I think Oxfam need to rethink our strategy with women’s issues. We should be the ones who stand up against the stereotype, the ones that lead the way, that create a storm and work, not just in developing countries, but also here to establish gender equality. We will be judged by the actions we take, the face that we show, not always by the words that we speak and we need to be leaders in this field to be able to truly say that we are champions for women and their right to choose a life that is not constrained by sexual stereotypes and gender expectations.

    I don’t want to be defined as a woman, I don’t want to be proud of my gender, I want to be inspired to be myself as a whole person, and I want to share that experience with my daughter and the other women I meet.

    So yes, I think the big bra hunt was worth it, but can we please establish a more gender equal outward image for future promotions… and no more pink, please!

  11. A fair and balanced blog, Duncan. For me the most interesting issue is, what does this say about Oxfam?

    There have always been tensions between on the one hand, the messages put out to raise funds (and particularly, to engage with [stereotyped] “Daily Mail readers”), and campaigning and advocacy messages [which yes, can be a bit po-faced]. But my question would be, would Oxfam have done this appeal – or in this way – in the past? My feeling is, no – for better or worse. Or, if Oxfam had, say, appealed for bras for Nicaragua, I feel sure that behind the razzmatazz there would have been a serious message about the US blockade!. With the current appeal, there seems to be no message at all about issues of justice or equity – simply, isn’t it a pity that African women don’t have any bras…. So what bothers me more is why there isn’t any message. To me it implies a kind of dis-unity within Oxfam now about what it is/stands for, and what image(s) it wants to portray.

    Or am I just an old Leftie and is it really just a (highly successful) appeal that is also fun (and which Oxfam wouldn’t have done in the past because it lacked a sense of humour)??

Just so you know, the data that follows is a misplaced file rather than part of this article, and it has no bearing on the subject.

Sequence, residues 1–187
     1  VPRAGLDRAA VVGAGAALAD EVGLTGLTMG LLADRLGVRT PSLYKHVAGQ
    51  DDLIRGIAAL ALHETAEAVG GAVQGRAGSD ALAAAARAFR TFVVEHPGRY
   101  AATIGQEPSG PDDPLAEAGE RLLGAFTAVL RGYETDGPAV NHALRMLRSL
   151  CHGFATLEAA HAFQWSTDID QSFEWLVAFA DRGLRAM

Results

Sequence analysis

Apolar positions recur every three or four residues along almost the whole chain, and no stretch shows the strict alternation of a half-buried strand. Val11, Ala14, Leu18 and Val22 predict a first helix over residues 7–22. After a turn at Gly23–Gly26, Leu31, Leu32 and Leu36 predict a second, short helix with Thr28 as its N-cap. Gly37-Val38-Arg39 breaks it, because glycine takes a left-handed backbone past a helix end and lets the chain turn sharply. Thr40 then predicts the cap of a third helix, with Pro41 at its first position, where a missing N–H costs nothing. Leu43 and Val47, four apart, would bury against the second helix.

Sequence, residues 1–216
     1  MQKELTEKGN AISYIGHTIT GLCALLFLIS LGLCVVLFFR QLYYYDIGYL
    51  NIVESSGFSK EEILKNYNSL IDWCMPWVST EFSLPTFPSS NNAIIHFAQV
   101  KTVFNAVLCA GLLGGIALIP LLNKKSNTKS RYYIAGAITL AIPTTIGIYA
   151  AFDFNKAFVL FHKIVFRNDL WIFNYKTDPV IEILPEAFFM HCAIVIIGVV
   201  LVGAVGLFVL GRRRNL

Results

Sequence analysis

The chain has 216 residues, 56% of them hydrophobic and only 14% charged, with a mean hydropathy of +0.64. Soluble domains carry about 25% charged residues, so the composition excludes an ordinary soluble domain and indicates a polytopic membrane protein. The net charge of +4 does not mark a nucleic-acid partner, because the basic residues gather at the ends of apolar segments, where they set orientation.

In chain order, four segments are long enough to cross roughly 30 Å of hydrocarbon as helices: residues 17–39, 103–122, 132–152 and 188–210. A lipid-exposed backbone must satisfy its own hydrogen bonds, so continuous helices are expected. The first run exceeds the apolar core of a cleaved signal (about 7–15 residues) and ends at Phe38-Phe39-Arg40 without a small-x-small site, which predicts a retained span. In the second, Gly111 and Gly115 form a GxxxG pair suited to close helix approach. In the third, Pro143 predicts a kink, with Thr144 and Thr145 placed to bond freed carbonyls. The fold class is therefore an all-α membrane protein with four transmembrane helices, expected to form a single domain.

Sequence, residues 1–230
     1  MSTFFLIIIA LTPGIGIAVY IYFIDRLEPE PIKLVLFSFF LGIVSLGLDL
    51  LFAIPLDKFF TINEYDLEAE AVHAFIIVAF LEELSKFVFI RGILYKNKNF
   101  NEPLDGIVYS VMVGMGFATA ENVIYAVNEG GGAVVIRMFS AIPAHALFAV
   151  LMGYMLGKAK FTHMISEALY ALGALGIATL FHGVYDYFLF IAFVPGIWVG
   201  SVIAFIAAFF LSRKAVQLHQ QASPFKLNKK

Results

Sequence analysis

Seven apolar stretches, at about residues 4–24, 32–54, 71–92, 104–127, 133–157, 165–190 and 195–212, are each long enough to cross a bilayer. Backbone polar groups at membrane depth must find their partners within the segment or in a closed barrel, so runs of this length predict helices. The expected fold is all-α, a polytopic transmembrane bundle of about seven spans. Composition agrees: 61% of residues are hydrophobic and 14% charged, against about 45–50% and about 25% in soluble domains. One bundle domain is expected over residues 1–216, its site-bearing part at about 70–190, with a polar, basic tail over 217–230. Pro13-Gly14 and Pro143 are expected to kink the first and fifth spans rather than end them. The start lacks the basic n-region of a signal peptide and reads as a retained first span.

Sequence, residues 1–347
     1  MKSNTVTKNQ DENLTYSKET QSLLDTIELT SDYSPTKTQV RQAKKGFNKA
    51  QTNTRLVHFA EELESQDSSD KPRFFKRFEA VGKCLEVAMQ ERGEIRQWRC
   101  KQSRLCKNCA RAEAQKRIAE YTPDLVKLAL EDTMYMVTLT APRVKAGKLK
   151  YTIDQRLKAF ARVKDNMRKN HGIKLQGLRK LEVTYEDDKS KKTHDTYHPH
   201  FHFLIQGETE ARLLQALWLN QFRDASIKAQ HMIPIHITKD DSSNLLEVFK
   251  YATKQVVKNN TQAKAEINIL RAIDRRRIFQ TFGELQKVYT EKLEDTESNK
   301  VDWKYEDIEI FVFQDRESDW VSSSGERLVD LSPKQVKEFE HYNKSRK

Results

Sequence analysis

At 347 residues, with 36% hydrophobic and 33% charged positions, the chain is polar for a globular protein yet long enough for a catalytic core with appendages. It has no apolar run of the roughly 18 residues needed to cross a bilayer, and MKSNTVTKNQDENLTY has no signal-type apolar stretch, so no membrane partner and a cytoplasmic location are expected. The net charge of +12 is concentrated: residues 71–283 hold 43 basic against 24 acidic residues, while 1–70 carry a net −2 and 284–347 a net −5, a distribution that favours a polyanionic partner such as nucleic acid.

12. Hi Duncan,

    I read your blog with great interest from Brussels.
    The debate you present here is interesting but you miss the whole point: why aren’t bras manufactured in West Africa if there is such a high demand? What is stopping bra manufacturers from setting up a new factory in the region or import them cheaply from China? That’s precisely the root of the problem and Oxfam should be looking at ways to find answers for it. My two cents.

  13. From my recent experience of Ghana, one of the reasons for the glut of second-hand clothing is that it is affordable, but also good quality, far better quality in fact than the cheap Chinese imports that otherwise flood the market (used clothing is called ‘obruni wa wo’ or ‘white man has died’ because you’d surely have to be dead to get rid of it).

    People don’t just want to buy used clothing, they want to buy TVs, DVD players, fridges, blenders, microwaves and bikes, and stuff from Europe and America is a safer bet. My Ghanaian friend told me that you’d rather buy used stuff from Europe or the US than new stuff from China because even if it was a few years old, it would still last longer. It seemed particularly ironic that some of that imported used stuff would have originally been made in China, but to a much higher standard. There is also an aspirational element here – I was told that Ghanaians want things from Europe and the US – people prefer to buy rice called Uncle Sam with the American flag emblazoned across the sack (the rice is from Thailand).

    Chinese goods are imported in massive quantities and they’re mostly low-grade tat – but undercut a lot of what could be produced locally, particularly when there are practically no barriers to importing them. There’s Chinese toilet roll, toothpicks, sandals – all sorts of things that Ghanaian businesses could produce, but they can’t compete with Chinese imports, particularly when the local assembly and everyone else would want a ‘cut’ as soon as they even thought about opening a factory, and there are greater barriers to importing materials from within Africa than there are from China.

    So sending used bras? Yep. Not ideal. But they are in demand as long as they’re better than the alternative, because considerations around gender equality and perception aside, people need to buy stuff that lasts. If Oxfam also says that this is bigger than bras, that it’s addressing the effects of trade liberalisation on local enterprises, that people in Africa need affordable good quality goods just as much as the next person (and maybe they can even get them brand new), that local enterprises will get the support they need to make imports of bras obsolete, then crack on. But I’m not really hearing Oxfam say that.